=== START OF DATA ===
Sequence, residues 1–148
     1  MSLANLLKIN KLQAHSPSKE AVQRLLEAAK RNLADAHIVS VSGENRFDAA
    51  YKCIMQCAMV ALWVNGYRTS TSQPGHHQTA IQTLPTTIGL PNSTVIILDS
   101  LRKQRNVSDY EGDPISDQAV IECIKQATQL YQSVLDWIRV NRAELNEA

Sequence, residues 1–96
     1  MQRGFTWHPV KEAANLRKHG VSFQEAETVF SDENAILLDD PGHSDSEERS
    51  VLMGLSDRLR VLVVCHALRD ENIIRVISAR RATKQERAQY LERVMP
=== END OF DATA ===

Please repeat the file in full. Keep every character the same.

Sequence, residues 1–148
     1  MSLANLLKIN KLQAHSPSKE AVQRLLEAAK RNLADAHIVS VSGENRFDAA
    51  YKCIMQCAMV ALWVNGYRTS TSQPGHHQTA IQTLPTTIGL PNSTVIILDS
   101  LRKQRNVSDY EGDPISDQAV IECIKQATQL YQSVLDWIRV NRAELNEA

Sequence, residues 1–96
     1  MQRGFTWHPV KEAANLRKHG VSFQEAETVF SDENAILLDD PGHSDSEERS
    51  VLMGLSDRLR VLVVCHALRD ENIIRVISAR RATKQERAQY LERVMP